The BSD-based operating systems, such as FreeBSD, OpenBSD, and NetBSD, do not have their own formal definitions of free software. Users of these systems generally find the same set of software to be acceptable, but sometimes see copyleft as restrictive. They generally advocate permissive free software licenses, which allow others to use the software as they wish, without being legally forced to provide the source code. Their view is that this permissive approach is more free. The Kerberos, X11, and Apache software licenses are substantially similar in intent and implementation.
Although the term free software had already been used loosely in the past, Richard Stallman is credited with tying it to the sense under discussion and starting the free-software movement in 1983, when he launched the GNU Project: a collaborative effort to create a freedom-respecting operating system, and to revive the spirit of cooperation once prevalent among hackers during the early days of computing.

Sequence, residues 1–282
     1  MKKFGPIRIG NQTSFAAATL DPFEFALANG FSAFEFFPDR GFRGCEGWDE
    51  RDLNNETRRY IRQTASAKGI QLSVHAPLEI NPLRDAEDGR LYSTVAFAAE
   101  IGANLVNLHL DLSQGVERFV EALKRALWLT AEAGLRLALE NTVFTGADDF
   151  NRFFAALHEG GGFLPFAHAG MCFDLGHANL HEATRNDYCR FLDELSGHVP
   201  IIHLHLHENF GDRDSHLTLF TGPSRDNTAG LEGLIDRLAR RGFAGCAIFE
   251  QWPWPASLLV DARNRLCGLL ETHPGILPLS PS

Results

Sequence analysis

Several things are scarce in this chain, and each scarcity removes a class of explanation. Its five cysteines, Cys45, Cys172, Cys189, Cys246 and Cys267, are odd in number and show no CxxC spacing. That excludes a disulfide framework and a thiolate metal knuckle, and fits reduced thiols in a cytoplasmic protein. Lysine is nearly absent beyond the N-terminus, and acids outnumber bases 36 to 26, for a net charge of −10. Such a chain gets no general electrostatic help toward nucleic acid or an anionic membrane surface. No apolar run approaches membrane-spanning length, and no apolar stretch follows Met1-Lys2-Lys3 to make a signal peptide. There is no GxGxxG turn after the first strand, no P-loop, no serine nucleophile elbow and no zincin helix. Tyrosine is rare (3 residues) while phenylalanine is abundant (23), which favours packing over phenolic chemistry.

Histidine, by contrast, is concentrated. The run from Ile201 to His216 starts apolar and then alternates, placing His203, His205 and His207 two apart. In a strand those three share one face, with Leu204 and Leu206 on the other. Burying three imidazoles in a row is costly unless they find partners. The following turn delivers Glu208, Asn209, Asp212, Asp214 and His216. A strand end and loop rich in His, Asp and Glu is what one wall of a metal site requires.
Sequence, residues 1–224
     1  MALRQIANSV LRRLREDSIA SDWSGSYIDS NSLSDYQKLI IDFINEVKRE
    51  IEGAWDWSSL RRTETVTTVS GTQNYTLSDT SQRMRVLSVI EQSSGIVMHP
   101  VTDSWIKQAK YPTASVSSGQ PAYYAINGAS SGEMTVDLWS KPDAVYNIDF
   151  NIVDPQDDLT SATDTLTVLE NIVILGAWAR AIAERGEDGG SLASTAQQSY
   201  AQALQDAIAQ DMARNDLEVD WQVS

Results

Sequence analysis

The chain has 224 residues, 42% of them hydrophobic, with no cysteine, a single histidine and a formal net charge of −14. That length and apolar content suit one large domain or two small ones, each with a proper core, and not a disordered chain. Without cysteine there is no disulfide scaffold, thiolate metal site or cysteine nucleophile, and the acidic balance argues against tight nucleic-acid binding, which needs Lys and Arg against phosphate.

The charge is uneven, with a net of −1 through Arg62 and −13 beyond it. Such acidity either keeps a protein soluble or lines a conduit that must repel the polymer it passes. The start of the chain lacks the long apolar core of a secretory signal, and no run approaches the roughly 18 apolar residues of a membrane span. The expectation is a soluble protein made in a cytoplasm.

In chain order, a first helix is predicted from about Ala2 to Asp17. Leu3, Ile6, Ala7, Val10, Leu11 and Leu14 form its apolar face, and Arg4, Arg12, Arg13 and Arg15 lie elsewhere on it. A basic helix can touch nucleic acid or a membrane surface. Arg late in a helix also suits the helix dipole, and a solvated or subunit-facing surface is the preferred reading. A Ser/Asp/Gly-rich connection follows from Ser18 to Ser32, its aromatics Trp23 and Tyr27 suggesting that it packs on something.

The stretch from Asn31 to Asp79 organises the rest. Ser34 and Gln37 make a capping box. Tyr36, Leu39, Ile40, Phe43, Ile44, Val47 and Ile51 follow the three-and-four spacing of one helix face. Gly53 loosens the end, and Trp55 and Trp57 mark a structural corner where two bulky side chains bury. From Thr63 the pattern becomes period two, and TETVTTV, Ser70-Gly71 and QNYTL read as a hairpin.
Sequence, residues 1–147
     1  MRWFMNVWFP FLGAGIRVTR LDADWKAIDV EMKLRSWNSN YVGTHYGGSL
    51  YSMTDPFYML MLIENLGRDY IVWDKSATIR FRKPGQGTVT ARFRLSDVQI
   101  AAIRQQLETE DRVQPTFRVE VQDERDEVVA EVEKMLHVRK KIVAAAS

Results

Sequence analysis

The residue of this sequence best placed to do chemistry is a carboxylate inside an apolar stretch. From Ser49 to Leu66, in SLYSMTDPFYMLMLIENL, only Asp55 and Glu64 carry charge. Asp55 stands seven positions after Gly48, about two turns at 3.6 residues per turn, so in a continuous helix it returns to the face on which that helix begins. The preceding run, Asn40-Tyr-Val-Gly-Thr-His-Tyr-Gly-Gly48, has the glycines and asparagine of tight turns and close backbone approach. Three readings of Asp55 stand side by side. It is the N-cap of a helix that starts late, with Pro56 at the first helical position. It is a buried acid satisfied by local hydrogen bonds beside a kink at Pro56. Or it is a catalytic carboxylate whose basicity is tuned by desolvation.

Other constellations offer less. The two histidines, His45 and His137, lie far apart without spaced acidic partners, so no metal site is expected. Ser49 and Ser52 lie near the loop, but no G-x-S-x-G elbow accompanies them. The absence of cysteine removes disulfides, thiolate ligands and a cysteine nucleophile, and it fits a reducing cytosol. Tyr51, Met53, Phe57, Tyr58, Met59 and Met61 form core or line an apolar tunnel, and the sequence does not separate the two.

Note: In February 1998 a group moved to replace the term "Free Software" with "Open Source Software". This terminology debate reflects underlying philosophical differences, but the practical requirements placed on software licenses, and the discussion in the rest of this page, are essentially the same for both Free Software and Open Source Software.